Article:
NEW ORLEANS (AP) - For months, it's been so hot and dry that the 125 cows and 80 heifers at Forrest Hill Dairy were getting a midday misting to cool them down.
With their usual Kentwood pastures bare dirt, they've been eating baled grasses that Cathy Forrest had planned for winter hay. Even with the noontime break, the cows are too hot to eat as much as usual so milk production is down.
Mike McCormick of the LSU AgCenter dairy research station in Franklinton says dairy farmers are surviving only because milk prices are high.
"If we weren't in a drought with very high feed prices and fertilizer prices, farmers would be paying off some debt," he said.
Sporadic recent rains, while welcome, aren't enough to break the drought.
It would take two or three weeks of rain to saturate the soil, and another two or three weeks to recharge groundwater and bring rivers up to normal levels, said state climatologist Barry Keim.
The drought has been worst in west Louisiana where seven parishes - Beauregard, Caddo, DeSoto, Sabine, Vernon, Calcasieu and Cameron - have been declared federal secondary drought disaster areas.
Southwest Louisiana's atmosphere has been like the Sahara's, said Ken Kuyper, a National Weather Service meteorologist in Lake Charles. "There's a cap on the atmosphere. Think of it as a lid. Storms just cannot get through it."
Dairy, mostly concentrated in the Florida Parishes north of Lake Pontchartrain, is a $48 million business.
Troy Ingram, who has about 180 cows and heifers on his farm in Franklinton, said, "I figure it's costing me at the minimum $300 a day." That's what he's losing on the milk his cows aren't producing. Production is off 35-40 percent, he said.
He's also lost about one-third of his hay crop, 150 to 200 tons. "Usually, we're cutting our first crop of hay on June 15," he said. "We don't have any grass. Cattle have eaten it all up."
Before the recent rains, the ground was too hard for many cattle farmers to even plant grass for hay.
The hard ground is also creating an armadillo problem.
The creatures are digging for insects and larvae in any moist ground they can find, often in freshly watered gardens and lawns. Their pits range up to 5 inches wide and 3 inches deep, according to the LSU AgCenter,
The first six months of 2010 are the driest on record with an average of 17.7 inches of rain statewide through the end of June, breaking the 17.9-inch mark set in 1973, Keim said.
Scorching temperatures in June accelerated the drought's effect, said regional climatologist Luigi Romolo. June was the second-hottest on record, tied with 1998 and behind only last year, he said.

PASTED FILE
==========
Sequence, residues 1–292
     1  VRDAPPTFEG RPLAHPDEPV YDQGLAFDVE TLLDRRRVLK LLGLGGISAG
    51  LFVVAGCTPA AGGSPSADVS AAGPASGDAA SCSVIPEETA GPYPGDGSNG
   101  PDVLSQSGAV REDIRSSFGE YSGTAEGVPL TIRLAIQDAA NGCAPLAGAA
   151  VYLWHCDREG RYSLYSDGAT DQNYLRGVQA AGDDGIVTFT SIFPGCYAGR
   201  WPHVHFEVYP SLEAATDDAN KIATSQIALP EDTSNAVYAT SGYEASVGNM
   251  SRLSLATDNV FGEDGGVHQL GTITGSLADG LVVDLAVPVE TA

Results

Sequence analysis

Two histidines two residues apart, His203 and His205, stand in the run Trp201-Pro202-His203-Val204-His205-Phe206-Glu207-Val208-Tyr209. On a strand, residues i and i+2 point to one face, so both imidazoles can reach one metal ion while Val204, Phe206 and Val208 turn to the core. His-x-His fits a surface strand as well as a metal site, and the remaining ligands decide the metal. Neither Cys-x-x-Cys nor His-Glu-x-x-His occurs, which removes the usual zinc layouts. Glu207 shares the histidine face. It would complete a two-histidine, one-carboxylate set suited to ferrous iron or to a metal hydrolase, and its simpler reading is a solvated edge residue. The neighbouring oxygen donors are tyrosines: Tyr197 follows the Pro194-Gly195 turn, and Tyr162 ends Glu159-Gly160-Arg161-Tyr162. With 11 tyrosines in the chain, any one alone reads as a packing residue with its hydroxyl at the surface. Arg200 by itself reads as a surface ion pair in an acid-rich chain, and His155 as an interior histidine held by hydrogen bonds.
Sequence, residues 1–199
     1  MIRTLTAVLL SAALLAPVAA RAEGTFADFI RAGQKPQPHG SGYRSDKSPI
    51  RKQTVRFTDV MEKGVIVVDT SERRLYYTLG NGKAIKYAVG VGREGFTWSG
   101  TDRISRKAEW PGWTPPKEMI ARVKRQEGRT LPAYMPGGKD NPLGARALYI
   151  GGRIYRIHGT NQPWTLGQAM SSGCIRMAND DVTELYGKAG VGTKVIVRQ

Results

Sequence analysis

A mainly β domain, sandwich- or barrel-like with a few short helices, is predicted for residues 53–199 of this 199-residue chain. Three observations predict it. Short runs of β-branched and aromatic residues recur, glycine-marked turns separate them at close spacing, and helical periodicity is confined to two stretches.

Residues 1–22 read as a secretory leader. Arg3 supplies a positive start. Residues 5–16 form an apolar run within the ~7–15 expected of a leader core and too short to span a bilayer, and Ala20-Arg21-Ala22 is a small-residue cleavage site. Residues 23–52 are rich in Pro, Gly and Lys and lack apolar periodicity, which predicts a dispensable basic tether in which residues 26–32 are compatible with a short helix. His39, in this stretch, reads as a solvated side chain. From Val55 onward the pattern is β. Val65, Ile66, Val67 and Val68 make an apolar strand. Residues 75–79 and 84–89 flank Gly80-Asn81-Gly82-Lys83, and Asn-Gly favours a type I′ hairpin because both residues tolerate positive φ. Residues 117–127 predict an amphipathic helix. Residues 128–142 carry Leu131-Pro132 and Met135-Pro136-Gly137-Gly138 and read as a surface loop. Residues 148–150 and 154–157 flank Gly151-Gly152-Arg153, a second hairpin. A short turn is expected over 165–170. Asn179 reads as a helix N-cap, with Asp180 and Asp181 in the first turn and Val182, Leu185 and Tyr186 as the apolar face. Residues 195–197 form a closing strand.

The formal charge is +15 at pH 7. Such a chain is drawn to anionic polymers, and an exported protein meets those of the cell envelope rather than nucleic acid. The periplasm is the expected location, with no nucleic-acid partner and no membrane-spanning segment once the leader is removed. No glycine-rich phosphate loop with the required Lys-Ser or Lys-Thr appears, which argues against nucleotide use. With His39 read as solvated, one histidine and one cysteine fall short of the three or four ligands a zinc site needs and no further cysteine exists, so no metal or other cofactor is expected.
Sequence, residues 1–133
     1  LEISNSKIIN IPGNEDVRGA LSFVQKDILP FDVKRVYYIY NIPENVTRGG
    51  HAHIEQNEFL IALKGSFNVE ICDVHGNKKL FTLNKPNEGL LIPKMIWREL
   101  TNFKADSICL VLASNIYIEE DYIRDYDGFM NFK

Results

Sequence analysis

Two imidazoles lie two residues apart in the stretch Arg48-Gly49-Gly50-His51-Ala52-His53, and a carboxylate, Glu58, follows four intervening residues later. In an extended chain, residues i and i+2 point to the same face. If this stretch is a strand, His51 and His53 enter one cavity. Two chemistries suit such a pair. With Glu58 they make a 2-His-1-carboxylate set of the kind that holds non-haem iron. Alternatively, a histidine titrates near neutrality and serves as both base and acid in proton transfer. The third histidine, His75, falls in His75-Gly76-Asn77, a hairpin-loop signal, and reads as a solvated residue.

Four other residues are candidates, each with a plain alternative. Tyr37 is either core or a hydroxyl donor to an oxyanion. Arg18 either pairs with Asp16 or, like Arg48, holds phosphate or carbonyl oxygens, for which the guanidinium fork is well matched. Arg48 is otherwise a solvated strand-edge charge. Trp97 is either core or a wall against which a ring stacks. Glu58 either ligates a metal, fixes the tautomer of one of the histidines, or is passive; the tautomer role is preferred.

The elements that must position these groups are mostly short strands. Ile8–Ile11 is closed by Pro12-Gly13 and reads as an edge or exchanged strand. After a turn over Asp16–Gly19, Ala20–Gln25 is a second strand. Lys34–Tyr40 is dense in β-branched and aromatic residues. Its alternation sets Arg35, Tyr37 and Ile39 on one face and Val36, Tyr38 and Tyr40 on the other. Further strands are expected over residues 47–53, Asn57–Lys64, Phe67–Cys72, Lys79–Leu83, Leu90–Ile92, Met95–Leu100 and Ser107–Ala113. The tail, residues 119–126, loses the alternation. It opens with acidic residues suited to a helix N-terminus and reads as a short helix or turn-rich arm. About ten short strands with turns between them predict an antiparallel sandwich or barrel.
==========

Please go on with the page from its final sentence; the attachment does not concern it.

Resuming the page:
No corner of Louisiana is untouched by drought. As of July 12, nearly two-thirds was classed as in "exceptional" drought, another 27 percent was "extreme" and the rest "severe."
Southwest Louisiana's rice crop - a $4 11.5 million business - is getting hit hard. In parts of Vermilion and Cameron parishes rivers are so low that salt water is creeping in from the Gulf of Mexico, forcing farmers to give up as much as 50,000 acres of rice fields because the water is too salty for irrigation, said John Saichuk, rice specialist at the LSU AgCenter station in Rayne.
Irrigation with that water would do more than kill this year's crop, he said: "If they use that salty water, it will contaminate their fields for next year."
Wildfires also are up sharply as dry conditions turn forests into tinder.
During June alone, 350 wildfires burned 5,434 acres, compared to 91 fires and 474 acres in June 2010. Bret Lane of the Office of Forestry said that through July 7, 1,775 fires burned 21,279 acres - almost double the 10,812 acres burned by 1,086 fires through the same period last year.
Fires are spreading faster and are harder to put out because of the dry conditions, he said.
L ane also noted that a 25-year-old firefighter died of the heat while fighting a forest fire in Texas. "I'm sending out a notice to all our crews statewide to keep an eye on each other and stay hydrated," he said.
A number of rural north Louisiana water systems that depend on wells have asked their customers not to water lawns or wash cars at night.
Farther south, Sabine Parish and the town of Many declared water emergencies last week because the Toledo Bend Reservoir, the largest man-made lake in the South, was dropping close to Many's shallow intakes.
"This drought has been going on for a year and a half now," with rainfall 30 inches below normal for the period, Mayor Ken Freeman said.
An emergency ordinance gives residents caught washing cars, watering yards or filling swimming pools one warning. "On their next offense they'll receive a $500 fine; for a third offense we'll turn the water off," Freeman said.
Although Many's population is about 2 ,700, its water system serves about 12,000 people, almost half the parish. It is now relying on four wells. "If everybody cooperates and conserves we'll be meeting our needs," Freeman said.
The Keatchie Water System, which has 13 wells and about 1,300 customers in west DeSoto Parish and across the state line into extreme east Texas, called a similar ban weeks earlier, after five of its eight pumping stations ran out of water at one time or another in a week, manager Dennis Dougherty said.
"It's not only us. Better than a dozen systems in the area are having to do the same thing," he said.
Copyright 2011 The Associated Press.